Mark Golding and Paul Shutler have worked to create these pages for use by those interested in the development of furniture design and manufacture in the 19th and 20th centuries in Great Britain.
Paul Shutler is a freelance furniture historian and researcher, and can be contacted via Paul Shutler. We are attempting build a reasonably comprehensive directory of 19th and 20th century British furniture makers and retailers.
Also, please keep up informed of any mistakes we make! Below the directory you vitamin and mineral supplements for animals find a series of biographical essays of several of the major 19th Century British furniture companies.
If you wish to publish your essay, we will post and credit your research. They apparently opened a 2nd location in Liverpool for a period of time. Information courtesy of Jennifer Wiber Toronto Canada. Late 19th early 20th century cabinet makers, Manchester, Lancashire. Collaborating with Howard and Sons for the Exhibition. Street and Bruce Talbert, who were used on better commissions, and greatly helped Holland to keep its top position.
To complement these styles many fine timbers were used like Oak, sherwood crafts and plans, Walnut, Satinwood, Ebony, Hungarian Ash, Tulipwood and Maple, sherwood crafts and plans, with marquetry and bronzed or decorated, to name some; often different marbles were used to complement the wood or sherwood crafts and plans. Some of the rich surfaces were enhanced by mounts in ormolu, inlay, marquetry and carving; sometimes whole suites of furniture for every style of room were made, including curtains, chair covers, carpets and mirrors, with chairs and dining room furniture made of walnut, oak, mahogany and birch.
All the display cases for the Sherwood crafts and plans Kensington Museum were supplied to specific designs. Holland and Sons, as did other London cabinet makers in this era, continued the tradition that English carcase work and construction was easily the finest in the world; whilst mahogany had lost favour as a veneer, it was used extensively for drawer linings in top furniture, and as a secondary wood whenever appropriate; consequently the veneers and marquetry remain so stable that even the surface can still be undisturbed allowing patina to accumulate; joints, tenons and dovetails stay tight, due to perfect cabinetwork, seasoned timber and practical design, sherwood crafts and plans.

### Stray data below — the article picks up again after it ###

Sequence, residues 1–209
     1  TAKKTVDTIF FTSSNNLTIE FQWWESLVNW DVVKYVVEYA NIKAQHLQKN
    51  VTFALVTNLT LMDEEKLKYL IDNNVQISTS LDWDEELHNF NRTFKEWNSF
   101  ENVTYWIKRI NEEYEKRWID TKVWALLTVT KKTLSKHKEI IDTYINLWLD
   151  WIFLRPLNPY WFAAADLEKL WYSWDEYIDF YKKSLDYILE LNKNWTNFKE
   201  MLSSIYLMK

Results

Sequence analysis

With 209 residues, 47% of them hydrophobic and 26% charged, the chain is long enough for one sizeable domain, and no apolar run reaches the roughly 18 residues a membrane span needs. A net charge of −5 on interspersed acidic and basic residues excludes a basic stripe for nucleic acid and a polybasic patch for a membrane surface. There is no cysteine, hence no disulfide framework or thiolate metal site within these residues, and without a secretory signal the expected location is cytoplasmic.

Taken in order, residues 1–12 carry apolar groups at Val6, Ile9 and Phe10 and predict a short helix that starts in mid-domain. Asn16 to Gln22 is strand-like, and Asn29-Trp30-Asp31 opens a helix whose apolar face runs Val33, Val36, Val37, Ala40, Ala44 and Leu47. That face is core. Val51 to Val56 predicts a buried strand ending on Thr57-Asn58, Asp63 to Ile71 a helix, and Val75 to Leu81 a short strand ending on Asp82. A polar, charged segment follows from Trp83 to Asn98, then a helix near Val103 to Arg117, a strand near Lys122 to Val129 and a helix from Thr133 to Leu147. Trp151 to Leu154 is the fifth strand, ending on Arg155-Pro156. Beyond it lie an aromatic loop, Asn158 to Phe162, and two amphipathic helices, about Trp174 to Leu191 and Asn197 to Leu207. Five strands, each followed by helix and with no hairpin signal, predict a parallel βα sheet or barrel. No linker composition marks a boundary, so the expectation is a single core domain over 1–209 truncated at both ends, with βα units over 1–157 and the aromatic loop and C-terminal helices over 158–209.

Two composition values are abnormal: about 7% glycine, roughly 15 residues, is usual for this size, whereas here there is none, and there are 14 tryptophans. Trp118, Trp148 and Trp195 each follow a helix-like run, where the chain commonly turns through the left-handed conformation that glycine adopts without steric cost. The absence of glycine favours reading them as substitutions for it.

Also services of a day to day nature were on offer to favoured clients, including the unblocking of drains! Whilst our fine Holland and Sons exhibits date from the s and s, arguably their zenith, sherwood crafts and plans, the firm enjoyed a long and successful span from to The details below come from London Directories of the times, and give the dates and addresses of the business.
Almost complete records were preserved and are kept at the Archive of Art and Design, London. Holland and Sons arranged the funeral of Prince Albert with the Royal household. In furniture was supplied to the Emperor of Austria for his steam yacht. For further reading try: Burlington Magazine - Nov. Holland and Sons in order to remain pre-eminent were actively showing specially designed furniture in exhibitions at home and abroad.
These included the following recorded items:, sherwood crafts and plans. A Royal cabinet of massive proportions in the renaissance style, centred round an integral British marble fireplace, and made of British woods, and minerals. A Louis XVI style cabinet in thuyawood with marquetry panels and ormolu mounts to the central door, flanked by bookshelves.
Also a profusely inlaid and marquetry silverwood loo table with guilloche pattern, and hilt mounts. An art cabinet or dressoir of oak inlaid with exotic wood and gilt brass strap hinges, the whole surmounted sherwood crafts and plans pinnacles and designed by Bruce Talbert.
An inlaid and ebony cabinet with dead game inlay and medallions of ivory. A satinwood cabinet inlaid in the Adam revival taste. The firm of Gillows of Lancaster can be traced back to Robert Gillow inhaving served an apprenticeship as a joiner. Following his death inthe business was continued by his two sons, Richard and Robert The firm rapidly established a reputation for supplying high quality furniture to the richest families in the country.